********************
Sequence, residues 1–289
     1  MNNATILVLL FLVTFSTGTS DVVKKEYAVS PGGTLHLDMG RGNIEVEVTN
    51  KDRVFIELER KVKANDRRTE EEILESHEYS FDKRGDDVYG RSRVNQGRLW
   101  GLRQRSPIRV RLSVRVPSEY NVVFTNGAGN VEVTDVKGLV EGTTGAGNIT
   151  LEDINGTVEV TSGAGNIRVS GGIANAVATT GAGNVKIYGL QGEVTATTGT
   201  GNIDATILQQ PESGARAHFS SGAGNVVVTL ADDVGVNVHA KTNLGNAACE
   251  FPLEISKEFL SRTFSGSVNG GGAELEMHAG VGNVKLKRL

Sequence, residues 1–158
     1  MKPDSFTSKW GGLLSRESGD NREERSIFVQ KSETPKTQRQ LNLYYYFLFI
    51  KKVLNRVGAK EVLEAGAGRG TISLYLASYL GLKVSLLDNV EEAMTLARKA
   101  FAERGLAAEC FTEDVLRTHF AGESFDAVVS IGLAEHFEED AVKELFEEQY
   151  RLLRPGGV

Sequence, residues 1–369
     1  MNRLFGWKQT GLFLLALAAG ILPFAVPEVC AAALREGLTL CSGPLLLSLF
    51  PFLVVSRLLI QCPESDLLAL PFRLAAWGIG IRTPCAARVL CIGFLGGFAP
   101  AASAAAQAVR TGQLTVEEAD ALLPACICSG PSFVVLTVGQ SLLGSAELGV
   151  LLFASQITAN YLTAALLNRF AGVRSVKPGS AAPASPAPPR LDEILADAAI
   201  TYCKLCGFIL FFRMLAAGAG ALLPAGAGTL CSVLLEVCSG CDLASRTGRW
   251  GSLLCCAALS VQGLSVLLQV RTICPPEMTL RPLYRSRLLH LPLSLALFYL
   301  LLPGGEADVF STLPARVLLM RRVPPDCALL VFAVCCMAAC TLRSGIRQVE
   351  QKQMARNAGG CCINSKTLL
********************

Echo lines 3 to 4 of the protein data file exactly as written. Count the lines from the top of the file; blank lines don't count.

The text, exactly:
    51  KDRVFIELER KVKANDRRTE EEILESHEYS FDKRGDDVYG RSRVNQGRLW
   101  GLRQRSPIRV RLSVRVPSEY NVVFTNGAGN VEVTDVKGLV EGTTGAGNIT